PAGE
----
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Lakeside student places in national science competition

Student's research earns honors

Posted: January 15, 2012 - 1:00am
Lakeside High student Emily Ding was named a semifinalist in the National Siemans Competition in Math, Science and Technology for her cancer research.  Photo by Jim Blaylock
Photo by Jim Blaylock
Lakeside High student Emily Ding was named a semifinalist in the National Siemans Competition in Math, Science and Technology for her cancer research.

Four years of hard work by a Lakeside High School senior recently culminated with a semifinalist finish in one of the nation’s top science and math competitions.

During the summer before her freshman year of high school, Emily Ding started learning how to conduct lab research. She did the same the following summer.

In the subsequent summer months, the 18-year-old started the research and presentation on how retinoic acid, a derivative of vitamin A, can be used to halt the growth or even change the genetic makeup of neuroblastoma cancer cells.

Ding entered her work into the National Siemens Competition in Math, Science and Technology, which annually recognizes high school students conducting science-related research projects.

She learned of the competition from former classmates Jimmy Meixiong and James Nie, who were a finalist and a semifinalist, respectively, in previous Siemens contests.

Meixiong now attends Harvard University while Nie studies at Stanford University.

“My parents are research scientists (at Georgia Health Sciences University), so I’ve been around science and research my whole life,” Ding said.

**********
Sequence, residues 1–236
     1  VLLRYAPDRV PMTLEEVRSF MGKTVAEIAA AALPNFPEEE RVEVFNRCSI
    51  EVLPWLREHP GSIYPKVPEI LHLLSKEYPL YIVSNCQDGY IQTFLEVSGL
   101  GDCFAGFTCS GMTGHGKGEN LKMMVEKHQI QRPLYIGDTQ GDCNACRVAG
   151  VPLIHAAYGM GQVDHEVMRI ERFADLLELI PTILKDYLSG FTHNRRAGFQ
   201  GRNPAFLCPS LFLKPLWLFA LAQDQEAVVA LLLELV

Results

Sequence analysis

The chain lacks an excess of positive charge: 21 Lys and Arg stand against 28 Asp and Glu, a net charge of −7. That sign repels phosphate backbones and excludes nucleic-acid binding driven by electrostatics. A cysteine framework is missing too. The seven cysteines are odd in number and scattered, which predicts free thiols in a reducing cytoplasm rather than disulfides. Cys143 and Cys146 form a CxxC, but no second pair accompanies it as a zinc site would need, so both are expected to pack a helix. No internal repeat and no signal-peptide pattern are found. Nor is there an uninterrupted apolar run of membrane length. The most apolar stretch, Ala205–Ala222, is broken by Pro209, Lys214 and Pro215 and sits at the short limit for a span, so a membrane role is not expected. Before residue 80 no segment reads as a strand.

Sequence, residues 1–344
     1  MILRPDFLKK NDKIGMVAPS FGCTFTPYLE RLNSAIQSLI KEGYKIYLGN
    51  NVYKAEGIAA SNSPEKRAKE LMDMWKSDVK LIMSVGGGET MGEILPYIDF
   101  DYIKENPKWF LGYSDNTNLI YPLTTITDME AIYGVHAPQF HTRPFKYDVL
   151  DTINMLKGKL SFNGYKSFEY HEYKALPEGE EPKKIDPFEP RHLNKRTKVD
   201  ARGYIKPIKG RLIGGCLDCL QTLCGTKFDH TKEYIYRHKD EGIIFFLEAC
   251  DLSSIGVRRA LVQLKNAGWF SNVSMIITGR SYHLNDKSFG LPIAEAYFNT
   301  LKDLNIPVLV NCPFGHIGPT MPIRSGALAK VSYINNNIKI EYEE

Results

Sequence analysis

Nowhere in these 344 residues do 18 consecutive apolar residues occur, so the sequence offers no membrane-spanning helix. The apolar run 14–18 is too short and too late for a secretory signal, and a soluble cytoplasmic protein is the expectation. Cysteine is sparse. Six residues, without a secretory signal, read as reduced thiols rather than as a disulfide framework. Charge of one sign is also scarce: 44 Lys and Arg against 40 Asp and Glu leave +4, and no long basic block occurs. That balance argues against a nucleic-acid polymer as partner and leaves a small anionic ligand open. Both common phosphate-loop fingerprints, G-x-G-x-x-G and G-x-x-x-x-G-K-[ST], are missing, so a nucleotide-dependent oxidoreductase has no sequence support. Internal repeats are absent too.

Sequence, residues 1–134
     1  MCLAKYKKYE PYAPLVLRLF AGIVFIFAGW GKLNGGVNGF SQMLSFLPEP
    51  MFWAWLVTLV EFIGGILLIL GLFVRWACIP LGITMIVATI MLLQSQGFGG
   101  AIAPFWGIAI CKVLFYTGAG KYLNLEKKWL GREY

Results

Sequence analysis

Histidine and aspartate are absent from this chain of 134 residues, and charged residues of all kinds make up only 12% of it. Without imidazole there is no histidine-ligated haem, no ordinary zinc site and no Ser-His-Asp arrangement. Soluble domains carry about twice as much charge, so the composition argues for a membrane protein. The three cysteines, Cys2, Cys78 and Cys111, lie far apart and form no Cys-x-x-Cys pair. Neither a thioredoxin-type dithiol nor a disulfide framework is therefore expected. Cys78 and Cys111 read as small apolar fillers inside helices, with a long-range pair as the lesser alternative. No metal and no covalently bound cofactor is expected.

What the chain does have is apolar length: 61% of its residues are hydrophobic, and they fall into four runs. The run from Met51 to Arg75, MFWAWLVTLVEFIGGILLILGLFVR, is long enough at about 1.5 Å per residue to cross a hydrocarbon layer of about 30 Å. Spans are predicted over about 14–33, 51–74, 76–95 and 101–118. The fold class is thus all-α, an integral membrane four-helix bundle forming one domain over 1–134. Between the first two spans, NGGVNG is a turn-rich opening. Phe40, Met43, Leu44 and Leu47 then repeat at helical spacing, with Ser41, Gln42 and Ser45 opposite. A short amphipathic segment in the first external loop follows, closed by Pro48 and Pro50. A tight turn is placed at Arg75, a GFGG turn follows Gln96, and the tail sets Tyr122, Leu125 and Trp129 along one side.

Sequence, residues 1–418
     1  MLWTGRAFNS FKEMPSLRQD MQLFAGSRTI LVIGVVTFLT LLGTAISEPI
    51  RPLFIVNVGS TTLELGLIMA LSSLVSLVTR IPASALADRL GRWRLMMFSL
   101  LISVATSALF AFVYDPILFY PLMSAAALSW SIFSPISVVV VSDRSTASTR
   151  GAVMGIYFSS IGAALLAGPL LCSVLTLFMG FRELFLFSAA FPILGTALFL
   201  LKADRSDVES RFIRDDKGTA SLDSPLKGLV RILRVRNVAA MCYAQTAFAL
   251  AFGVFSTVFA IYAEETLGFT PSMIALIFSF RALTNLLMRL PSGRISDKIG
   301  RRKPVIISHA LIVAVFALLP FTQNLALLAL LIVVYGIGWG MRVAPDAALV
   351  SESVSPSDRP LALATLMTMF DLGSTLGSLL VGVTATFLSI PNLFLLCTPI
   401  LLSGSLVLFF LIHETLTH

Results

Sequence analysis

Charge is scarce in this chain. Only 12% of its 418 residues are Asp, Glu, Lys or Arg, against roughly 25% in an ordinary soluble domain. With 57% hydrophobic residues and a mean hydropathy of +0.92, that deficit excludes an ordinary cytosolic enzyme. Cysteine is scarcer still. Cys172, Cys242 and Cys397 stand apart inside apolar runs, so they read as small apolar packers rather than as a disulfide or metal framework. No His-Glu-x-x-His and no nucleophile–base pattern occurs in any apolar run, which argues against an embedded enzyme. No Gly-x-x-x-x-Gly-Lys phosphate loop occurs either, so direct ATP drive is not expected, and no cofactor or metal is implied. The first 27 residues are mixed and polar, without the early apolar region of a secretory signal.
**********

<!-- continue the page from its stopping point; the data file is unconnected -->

Like her parents, Ding said she particularly was interested in cancer research.

“Cancer is such a prevalent disease that everyone’s life has been touched by it; whether you’ve had it yourself or know someone who had it,” she said. “It’s really tragic.”

Despite her interest in the subject, Ding considers a career in research science a backup to her current plan of becoming a psychiatrist.

Following graduation, she hopes to major in pre-medicine at Wellesley College in Massachusetts or Swarthmore College in Pennsylvania.

At Lakeside High, Ding is an all-A student who volunteers at the Charlie Norwood VA Medical Center and mentors pupils at Blue Ridge Elementary School. She belongs to the National Honor Society, the Science National Honor Society and Health Occupations Students of America. Her favorite subject, she said, is biology.

“I love learning how the human body works and how diseases and medicines affect the body,” she said. “It’s like a mystery you’re trying to solve.”

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